0.52 ± 0.09
21.05 ± 3.02
22.12 ± 3.23
5.46 ± 1.67
The average equivalent irradiation dose for a single shooting
7.19 ± 2.01
0.70 ± 0.17
3.68 ± 1.14
4.56 ± 1.57
2.71 ± 1.49
46.74 ± 11.22
0.52 ± 0.08
23.85 ± 4.56
21.13 ± 5.70
7.19 ± 1.84
144.88 ± 20.60
1.22 ± 0.82
116.99 ± 17.62
90.68 ± 14.47
25.52 ± 7.19
296.60 ± 87.18
4.20 ± 1.31
146.10 ± 22.45
154.17 ± 26.13
38.23 ± 10.96
353.60 ± 67.09
4.56 ± 0.78
184.60 ± 26.48
193.99 ± 28.32
47.88 ± 14.64
At the time of the establishment of the first safety management system for the diagnostic radiation exposure of field workers by the Ministry of Health and Welfare of Korea, the number of affected personnel was 12,652. However, by 2008, the number of workers had increased almost 4-times to 47,823. The increase reflected the upgrade of the medical welfare and the greater interest in healthcare, which prompted more diagnostic radiology examinations. This increase is expected to continue (Korea Food & Drug Administration 2008). Radiation exposure has increased along with the increase in the number of examinations. The historical ratio between natural radiation and artificial radiation (85:15) has markedly changed, and is now 1:1. The increased frequency of radiographic examinations has been documented ((Brenner & Hall 2007); (Tubiana et al. 2009); (International Agency for Research on Cancer 2000); (Archer and Wagner 2000)). While the exposure dose of patients has been amply researched, only a handful of studies have addressed the exposure dose for radiological technologists.
The current study measured the dose on regions of the body that are not typically shielded by radiation protection equipment for the radiological technologist during general shooting. The hand was measured highest (7.19 ± 2.01 uSv) for the extremity test, 46.74 ± 11.22 uSv for the chest AP, 144.88 ± 20.60 uSv for the skull AP, 296.60 ± 87.18 uSv for the abdomen supine and 353.60 ± 67.09 uSv for the spine AP. Even though the daily dose was low, the accumulation over several years may not be ignored.
In a 1982 report, the United Nations Scientific Committee on the Effects of Atomic Radiation judged that there was no dangerous cause of death, except cancer under low-dose radiation (United Nations Scientific Committee on the Effects of Atomic Radiation 1982). However, a subsequent series of animal tests indicated a more substantial role of radiation. This idea was bolstered by recent data from survivors of the atomic bomb explosions in Japan near the conclusion of World War II. However, a report published in 2010 stated that the cataract was related to the low-dose radiation exposure and that radiation exposure should be restricted to research for the cardiovascular diseases (United Nations Scientific Committee on the Effects of Atomic Radiation 2010). Also, the Biological Effects of Ionizing Radiation VII report summary showed that the fetus under the radiation more than 10 mGy in the uterus increased the childhood cancer and indicated the excess risk of 6% per Gy (Doll & Wakeford 1997). Sodickson et al. (Sodickson et al. 2009) reported that 33% of patients who received more than five CT examinations in 22 years and 15% of 31,462 patients were under the effective dose higher than 100 mSv. The expected rate of cancer occurrence was 0.7%. (Brenner et al. 2001) estimated that the lifetime cancer mortality risk was 0.18% for a single abdominal computed tomography (CT) for a 1-year old infant and the number of cancer-related deaths could reache 5 million cases from 600,000 abdominal and head CT for a year.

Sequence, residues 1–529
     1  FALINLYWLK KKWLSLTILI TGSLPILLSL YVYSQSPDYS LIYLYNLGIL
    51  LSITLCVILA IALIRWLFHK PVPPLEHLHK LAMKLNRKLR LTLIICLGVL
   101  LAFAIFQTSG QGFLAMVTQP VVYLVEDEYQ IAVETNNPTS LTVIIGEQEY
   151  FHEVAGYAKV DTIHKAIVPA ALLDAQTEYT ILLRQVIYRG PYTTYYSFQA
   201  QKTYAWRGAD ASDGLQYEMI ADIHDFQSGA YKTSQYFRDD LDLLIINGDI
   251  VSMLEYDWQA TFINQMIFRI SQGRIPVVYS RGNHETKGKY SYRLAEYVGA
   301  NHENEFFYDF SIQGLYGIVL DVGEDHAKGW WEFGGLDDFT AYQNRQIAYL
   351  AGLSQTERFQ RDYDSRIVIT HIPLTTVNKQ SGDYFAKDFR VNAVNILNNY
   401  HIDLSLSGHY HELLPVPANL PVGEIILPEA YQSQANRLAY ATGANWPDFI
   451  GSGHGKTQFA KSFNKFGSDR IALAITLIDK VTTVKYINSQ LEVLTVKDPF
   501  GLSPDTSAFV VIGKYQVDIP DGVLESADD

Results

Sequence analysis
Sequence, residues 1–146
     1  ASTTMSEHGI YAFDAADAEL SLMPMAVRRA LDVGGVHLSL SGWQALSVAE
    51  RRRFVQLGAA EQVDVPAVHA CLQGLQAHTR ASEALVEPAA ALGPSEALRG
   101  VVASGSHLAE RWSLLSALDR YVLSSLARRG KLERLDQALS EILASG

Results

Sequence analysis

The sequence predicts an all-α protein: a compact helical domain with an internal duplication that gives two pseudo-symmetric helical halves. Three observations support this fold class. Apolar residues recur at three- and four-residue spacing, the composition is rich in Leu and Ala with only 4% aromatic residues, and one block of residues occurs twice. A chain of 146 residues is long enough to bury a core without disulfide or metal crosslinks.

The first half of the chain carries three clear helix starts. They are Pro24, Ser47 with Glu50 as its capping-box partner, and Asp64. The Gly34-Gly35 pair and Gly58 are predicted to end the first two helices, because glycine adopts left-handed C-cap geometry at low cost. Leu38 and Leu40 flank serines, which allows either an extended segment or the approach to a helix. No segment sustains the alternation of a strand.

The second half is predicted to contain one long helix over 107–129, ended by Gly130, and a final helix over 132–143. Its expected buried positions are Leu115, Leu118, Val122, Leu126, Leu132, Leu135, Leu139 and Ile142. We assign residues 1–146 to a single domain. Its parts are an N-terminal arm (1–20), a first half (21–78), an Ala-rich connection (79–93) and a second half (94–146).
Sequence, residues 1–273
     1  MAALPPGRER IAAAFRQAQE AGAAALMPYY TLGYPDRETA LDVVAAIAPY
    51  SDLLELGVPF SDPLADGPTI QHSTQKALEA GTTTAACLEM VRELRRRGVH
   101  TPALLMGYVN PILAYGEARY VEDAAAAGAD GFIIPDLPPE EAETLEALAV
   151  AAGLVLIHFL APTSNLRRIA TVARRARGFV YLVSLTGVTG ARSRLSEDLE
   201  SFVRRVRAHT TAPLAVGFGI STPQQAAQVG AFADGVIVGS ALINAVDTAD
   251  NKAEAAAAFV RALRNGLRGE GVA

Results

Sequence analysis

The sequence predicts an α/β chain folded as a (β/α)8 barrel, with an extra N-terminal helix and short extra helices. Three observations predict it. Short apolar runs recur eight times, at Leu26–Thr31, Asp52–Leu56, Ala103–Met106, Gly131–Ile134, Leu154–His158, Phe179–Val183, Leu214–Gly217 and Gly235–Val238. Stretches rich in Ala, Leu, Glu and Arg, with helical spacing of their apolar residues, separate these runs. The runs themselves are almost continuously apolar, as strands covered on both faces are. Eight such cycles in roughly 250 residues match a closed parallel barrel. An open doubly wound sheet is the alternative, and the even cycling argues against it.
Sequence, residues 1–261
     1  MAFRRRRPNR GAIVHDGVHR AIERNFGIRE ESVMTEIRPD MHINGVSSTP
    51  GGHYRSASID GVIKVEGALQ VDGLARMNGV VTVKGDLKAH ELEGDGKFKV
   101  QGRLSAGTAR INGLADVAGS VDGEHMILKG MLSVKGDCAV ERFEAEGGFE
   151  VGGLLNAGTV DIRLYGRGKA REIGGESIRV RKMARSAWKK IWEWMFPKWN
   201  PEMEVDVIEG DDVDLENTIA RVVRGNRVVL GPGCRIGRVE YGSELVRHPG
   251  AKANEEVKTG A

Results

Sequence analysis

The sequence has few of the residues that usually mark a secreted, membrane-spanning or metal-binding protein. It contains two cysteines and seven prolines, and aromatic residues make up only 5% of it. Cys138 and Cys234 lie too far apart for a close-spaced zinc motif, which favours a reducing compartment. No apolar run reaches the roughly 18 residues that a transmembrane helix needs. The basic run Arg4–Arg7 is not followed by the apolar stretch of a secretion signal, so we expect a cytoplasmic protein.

Studies reporting an increased cancer prevalence rate and the relationship of low-dose radiation exposure have focused on the increase in the radiation exposure for the medical use. The exposure dose for radiological technologists has rapidly increased. The effects of repeated low-dose exposure require study.
Radiation should be thoroughly blocked by the apron to protect the radiological technologist from radiation exposure. Furthermore, a technologist-patient distance judged to be safe should be maintained if exposure is inevitable. Finally, the exposure dose and working environment should be regularly assessed to help decrease the exposure dose of the radiological technologist in accordance with the ICRP recommendation.
Ki-Youl Kim and Jae-Hwan Cho are co-first authors.
“This work was supported in part by the Soonchunhyang University Research Fund”.